It takes years of work to become human on your own terms, even if a fucked-up specimen of human, not someone else's idea of what human should be. First there is discovery, then exhumation . . . and then due diligence, as the lawyers say. Kiki moved around, lived with The Tubes, the infamous Bay Area band, in the midseventies; worked as a cook in an (old) Times Square bar; had a flock of thirty birds that flew around in her house, uncaged; and, more productively, made art.
 
I remember seeing the documentary Crumb and feeling that Robert Crumb articulated perfectly the way making art (or music, in my case) was absolutely a necessity for his own sanity and survival. This was not some hoity-toity, artsy fartsy, nicey nice activity, but a matter of life and death. In his case Crumb could channel all his socially unacceptable urges into his drawings and characters, and lo and behold, it resonated with other people. Hmmm, I wonder why?
     I gather that for many years Kiki's art making had its roots in the same kind of urgency, though her urges were not quite as antisocial as Crumb's. The stuff streamed out, unbidden, sometimes only partially digested and extremely volatile. (Back to the icky fluids.) What it all means exactly, at the moment of creation, is not a priority; at first it just has to come out. The meaning can be teased out later; if it's true, the meaning is there.
 
Time passes and some self-healing takes place. I can't speak for Kiki, but for myself this healing is both a relief and an anxiety. If some of the demons have been exorcised, what will drive future creation? Will the work become routine? Safe? Merely competent? If 99 percent of the work is psychological, as Kiki is quoted as saying, then what happens when there are fewer monsters in the woods and you need to move on to new creative territory?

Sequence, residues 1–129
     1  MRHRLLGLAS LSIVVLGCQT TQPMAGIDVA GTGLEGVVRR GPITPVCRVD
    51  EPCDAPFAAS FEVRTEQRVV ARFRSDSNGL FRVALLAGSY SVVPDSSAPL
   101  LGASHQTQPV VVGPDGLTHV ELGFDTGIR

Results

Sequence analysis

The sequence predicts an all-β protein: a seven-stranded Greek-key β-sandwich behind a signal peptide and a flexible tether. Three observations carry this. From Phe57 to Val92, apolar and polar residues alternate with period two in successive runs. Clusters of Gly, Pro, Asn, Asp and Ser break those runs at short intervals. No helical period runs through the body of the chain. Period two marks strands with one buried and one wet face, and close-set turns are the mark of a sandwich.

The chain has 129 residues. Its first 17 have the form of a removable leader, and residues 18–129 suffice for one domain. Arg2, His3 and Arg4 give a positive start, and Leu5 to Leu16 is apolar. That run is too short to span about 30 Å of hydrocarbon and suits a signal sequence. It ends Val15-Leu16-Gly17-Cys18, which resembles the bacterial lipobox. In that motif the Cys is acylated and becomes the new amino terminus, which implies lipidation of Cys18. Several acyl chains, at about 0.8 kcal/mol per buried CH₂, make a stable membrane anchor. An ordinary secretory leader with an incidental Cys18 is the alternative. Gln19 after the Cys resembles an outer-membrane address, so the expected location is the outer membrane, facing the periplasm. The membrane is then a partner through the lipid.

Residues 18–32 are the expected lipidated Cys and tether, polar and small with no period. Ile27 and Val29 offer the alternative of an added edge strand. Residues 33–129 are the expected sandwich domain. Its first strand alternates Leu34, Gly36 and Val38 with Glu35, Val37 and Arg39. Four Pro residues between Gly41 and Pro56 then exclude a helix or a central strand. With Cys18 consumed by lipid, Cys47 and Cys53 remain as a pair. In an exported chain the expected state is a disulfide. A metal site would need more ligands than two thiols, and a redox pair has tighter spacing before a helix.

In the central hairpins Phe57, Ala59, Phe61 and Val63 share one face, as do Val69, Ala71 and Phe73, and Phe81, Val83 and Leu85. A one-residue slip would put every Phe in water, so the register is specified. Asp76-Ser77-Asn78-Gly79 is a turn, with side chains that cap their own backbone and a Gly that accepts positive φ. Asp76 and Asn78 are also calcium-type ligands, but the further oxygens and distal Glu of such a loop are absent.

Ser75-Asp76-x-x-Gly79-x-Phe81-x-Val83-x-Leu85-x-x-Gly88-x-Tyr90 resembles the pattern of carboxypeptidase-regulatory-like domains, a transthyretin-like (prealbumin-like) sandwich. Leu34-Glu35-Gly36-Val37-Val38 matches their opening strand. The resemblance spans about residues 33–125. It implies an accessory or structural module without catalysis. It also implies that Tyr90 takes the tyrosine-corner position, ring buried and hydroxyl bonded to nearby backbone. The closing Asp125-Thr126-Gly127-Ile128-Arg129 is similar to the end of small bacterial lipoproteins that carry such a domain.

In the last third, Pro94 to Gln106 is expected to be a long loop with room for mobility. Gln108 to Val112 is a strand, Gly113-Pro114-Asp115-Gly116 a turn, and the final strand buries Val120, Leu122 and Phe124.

I think Kiki hints at her own answer when she says, "Our cultural entertainment is images of violence. I realized it's much more complicated to make sculptures of women and babies now; there's an uneasiness in making them . . . Domesticity is a lot more scary in our culture; it's more anxiety provoking than images of horror." There are monsters where you least expect them—they're personal, interior, social; that's where you need to go. And in going there you often return as a changed person. "Everyone is born," she said in an interview with the Journal of Contemporary Art. "You have to keep on repeating [that experience] over and over again to keep your life vital—to be like a phoenix, to make new, or renew, your life existence."